Structural Testing of a Heritage Railway Bridge with the Flying Scotsman Locomotive
A team of researchers from the Vibration Engineering Section at University of Exeter, monitored deflections in the Mineral Line Bridge in Somerset, under different loading conditions, including travel across the bridge by the famous Flying Scotsman locomotive. The bridge forms part of the West Somerset Railway (WSR), a heritage railway line, with 20 miles of track in the South West of England. Mineral Line Bridge is located on the outskirts of Watchet and was originally constructed in 1862 to carry the Minehead route over the West Somerset Mineral Railway.
The research group had previously gathered strain data and rotation data of the bridge under train loading conditions. The purpose of repeating the test was to analyse the performance of the bridge under loading from the heavier Flying Scotsman engine. One of the most well-known steam engines, The Flying Scotsman was constructed in 1923 and was the first steam engine to officially record a speed of over 100 mph. The engine itself measures 21.3 m in length and weighs 97.8 tonnes. This is significantly larger than the Raveningham Hall engine, which with a length of 19.2 m and a weight of 76.4 tonnes, is the largest train owned by WSR. The aim of the testing was to measure deformations of the bridge under loading from the passing trains and to determine the specific effect of the larger Flying Scotsman locomotive on the bridge.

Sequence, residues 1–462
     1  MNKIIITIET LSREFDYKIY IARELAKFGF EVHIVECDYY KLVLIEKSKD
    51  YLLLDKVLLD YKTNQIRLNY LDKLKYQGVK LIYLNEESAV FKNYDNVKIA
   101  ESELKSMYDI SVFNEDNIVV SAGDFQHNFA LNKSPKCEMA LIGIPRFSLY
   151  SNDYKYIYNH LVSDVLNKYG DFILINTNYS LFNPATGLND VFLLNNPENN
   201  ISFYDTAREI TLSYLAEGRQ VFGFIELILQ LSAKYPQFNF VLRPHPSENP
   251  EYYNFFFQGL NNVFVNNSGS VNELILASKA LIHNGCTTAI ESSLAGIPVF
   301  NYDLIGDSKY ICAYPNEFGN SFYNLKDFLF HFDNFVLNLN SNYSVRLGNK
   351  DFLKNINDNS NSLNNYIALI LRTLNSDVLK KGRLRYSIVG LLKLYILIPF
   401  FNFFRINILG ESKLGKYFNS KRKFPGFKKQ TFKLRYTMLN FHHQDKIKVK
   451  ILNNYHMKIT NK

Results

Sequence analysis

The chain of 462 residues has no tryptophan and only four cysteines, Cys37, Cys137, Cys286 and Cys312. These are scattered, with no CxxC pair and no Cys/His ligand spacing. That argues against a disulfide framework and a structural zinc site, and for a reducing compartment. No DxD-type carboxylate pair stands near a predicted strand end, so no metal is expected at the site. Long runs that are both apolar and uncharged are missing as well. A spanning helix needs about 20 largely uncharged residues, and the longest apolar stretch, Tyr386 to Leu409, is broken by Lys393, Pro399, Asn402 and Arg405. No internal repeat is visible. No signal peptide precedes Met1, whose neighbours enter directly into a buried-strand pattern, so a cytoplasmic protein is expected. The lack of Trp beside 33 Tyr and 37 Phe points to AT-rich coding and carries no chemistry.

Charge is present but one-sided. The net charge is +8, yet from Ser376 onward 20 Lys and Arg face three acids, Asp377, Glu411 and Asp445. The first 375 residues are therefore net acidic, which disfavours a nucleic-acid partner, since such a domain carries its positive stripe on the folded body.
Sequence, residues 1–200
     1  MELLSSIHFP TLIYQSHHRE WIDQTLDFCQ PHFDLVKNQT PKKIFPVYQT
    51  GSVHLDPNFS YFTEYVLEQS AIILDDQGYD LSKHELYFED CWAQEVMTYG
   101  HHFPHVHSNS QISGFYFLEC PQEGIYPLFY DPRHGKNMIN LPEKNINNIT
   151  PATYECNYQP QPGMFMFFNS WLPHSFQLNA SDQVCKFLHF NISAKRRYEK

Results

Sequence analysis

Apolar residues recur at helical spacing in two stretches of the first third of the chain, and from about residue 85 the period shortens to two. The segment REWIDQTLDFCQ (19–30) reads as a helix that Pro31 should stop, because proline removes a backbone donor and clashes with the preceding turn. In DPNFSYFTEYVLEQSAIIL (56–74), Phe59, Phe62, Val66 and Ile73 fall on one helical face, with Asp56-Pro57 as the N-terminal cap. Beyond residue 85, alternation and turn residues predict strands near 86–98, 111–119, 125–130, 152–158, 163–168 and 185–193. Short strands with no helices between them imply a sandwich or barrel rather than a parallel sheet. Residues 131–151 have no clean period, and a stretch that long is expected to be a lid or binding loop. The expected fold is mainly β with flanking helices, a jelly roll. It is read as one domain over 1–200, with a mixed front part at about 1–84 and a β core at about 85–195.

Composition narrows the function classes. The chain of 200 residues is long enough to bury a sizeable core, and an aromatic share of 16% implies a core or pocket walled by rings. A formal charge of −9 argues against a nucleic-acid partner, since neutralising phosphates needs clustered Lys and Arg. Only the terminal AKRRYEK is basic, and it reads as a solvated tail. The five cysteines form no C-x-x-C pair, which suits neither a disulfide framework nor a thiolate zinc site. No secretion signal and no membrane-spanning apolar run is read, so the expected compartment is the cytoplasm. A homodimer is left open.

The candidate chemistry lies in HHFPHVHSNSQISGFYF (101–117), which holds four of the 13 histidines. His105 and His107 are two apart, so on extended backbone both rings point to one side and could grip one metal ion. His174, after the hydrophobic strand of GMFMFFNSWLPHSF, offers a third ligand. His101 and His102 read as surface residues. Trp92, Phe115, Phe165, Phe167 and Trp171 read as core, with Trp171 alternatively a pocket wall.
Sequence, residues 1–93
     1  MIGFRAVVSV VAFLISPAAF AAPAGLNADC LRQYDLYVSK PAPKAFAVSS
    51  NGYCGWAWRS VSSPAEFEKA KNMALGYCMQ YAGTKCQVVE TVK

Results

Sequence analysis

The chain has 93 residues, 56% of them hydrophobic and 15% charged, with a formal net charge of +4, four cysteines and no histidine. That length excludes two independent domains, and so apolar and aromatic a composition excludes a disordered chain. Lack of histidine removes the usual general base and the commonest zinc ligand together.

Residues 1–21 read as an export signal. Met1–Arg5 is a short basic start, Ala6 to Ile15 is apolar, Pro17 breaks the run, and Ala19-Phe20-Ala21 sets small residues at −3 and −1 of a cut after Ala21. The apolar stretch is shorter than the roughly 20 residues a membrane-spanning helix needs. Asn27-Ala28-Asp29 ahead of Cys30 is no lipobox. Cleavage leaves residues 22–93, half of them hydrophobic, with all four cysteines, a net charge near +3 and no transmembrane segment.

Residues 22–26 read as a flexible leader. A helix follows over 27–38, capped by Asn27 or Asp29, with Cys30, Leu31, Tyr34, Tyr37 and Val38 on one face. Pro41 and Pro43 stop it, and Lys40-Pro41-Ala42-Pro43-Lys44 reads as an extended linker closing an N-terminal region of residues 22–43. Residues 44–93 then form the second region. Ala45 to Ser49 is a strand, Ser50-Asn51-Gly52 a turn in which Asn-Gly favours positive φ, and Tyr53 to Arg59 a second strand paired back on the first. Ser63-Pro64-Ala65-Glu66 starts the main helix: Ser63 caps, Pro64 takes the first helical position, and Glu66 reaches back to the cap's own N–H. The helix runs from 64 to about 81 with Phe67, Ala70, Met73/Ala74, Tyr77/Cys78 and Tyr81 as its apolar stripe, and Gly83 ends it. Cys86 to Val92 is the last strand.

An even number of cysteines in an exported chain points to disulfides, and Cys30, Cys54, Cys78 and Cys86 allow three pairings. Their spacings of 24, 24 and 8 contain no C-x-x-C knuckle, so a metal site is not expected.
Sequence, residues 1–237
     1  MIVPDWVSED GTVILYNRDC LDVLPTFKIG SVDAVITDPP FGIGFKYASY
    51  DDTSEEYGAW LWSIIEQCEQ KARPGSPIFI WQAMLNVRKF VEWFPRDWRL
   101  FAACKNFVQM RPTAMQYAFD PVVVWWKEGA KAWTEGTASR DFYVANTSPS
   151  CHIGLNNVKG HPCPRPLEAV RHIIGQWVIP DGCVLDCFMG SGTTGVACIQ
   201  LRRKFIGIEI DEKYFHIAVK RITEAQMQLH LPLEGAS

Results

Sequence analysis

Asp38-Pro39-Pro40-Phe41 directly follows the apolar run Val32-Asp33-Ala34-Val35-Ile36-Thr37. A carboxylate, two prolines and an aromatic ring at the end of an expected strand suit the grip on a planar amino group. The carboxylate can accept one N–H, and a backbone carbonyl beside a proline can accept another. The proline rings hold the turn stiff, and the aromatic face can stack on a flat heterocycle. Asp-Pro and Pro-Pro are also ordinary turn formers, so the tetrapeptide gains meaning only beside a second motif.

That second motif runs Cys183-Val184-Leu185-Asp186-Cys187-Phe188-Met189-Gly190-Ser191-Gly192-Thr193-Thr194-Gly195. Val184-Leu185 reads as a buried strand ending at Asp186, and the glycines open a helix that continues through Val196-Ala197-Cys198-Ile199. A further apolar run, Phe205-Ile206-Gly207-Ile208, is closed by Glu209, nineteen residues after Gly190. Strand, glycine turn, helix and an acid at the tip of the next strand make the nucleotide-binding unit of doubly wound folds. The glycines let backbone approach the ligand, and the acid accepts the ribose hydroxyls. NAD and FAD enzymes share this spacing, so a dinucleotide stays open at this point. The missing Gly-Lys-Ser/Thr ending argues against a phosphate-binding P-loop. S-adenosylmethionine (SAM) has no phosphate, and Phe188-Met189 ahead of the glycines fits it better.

A series of accelerometers were installed on the bridge deck at five test points, measuring at each abutment and at the quarter-span, mid-span and three-quarter-span. The angle of rotation of the bridge deck at each test point was inferred from the accelerometer data. This rotation data was then used to determine the deflection of the bridge. Three Imetrum cameras were used to measure deflections of the bridge under loading from the passing trains.
The results indicated increased deflections and rotations under loading from the Flying Scotsman, but was safely within the tolerances of the bridge.
For more details about all the test on the Mineral Line Bridge, please visit the VES Blog here to find out further information the tests.
Application to VSimulators
Results and information from this case study are beneficial in expanding knowledge on how to perform health monitoring of bridges. VSimulators, as a testing platform, enables the the vibration signals to be fed into the facility, to accurately replicate movement within the bridge, and consequently to support decision making on safety and maintenance. The replicated environment could be explored by contractors, and asset owners to provide a realistic understanding as to how the bridge feels and functions.
Alternatively the data could be used to recreate the vibrations likely to be experienced by neighbouring properties or fed into a immersive reality environment to realistically replicate passenger experiences when travelling on a train on this railway track.
Please contact us if you wish to discuss a similar idea or problem.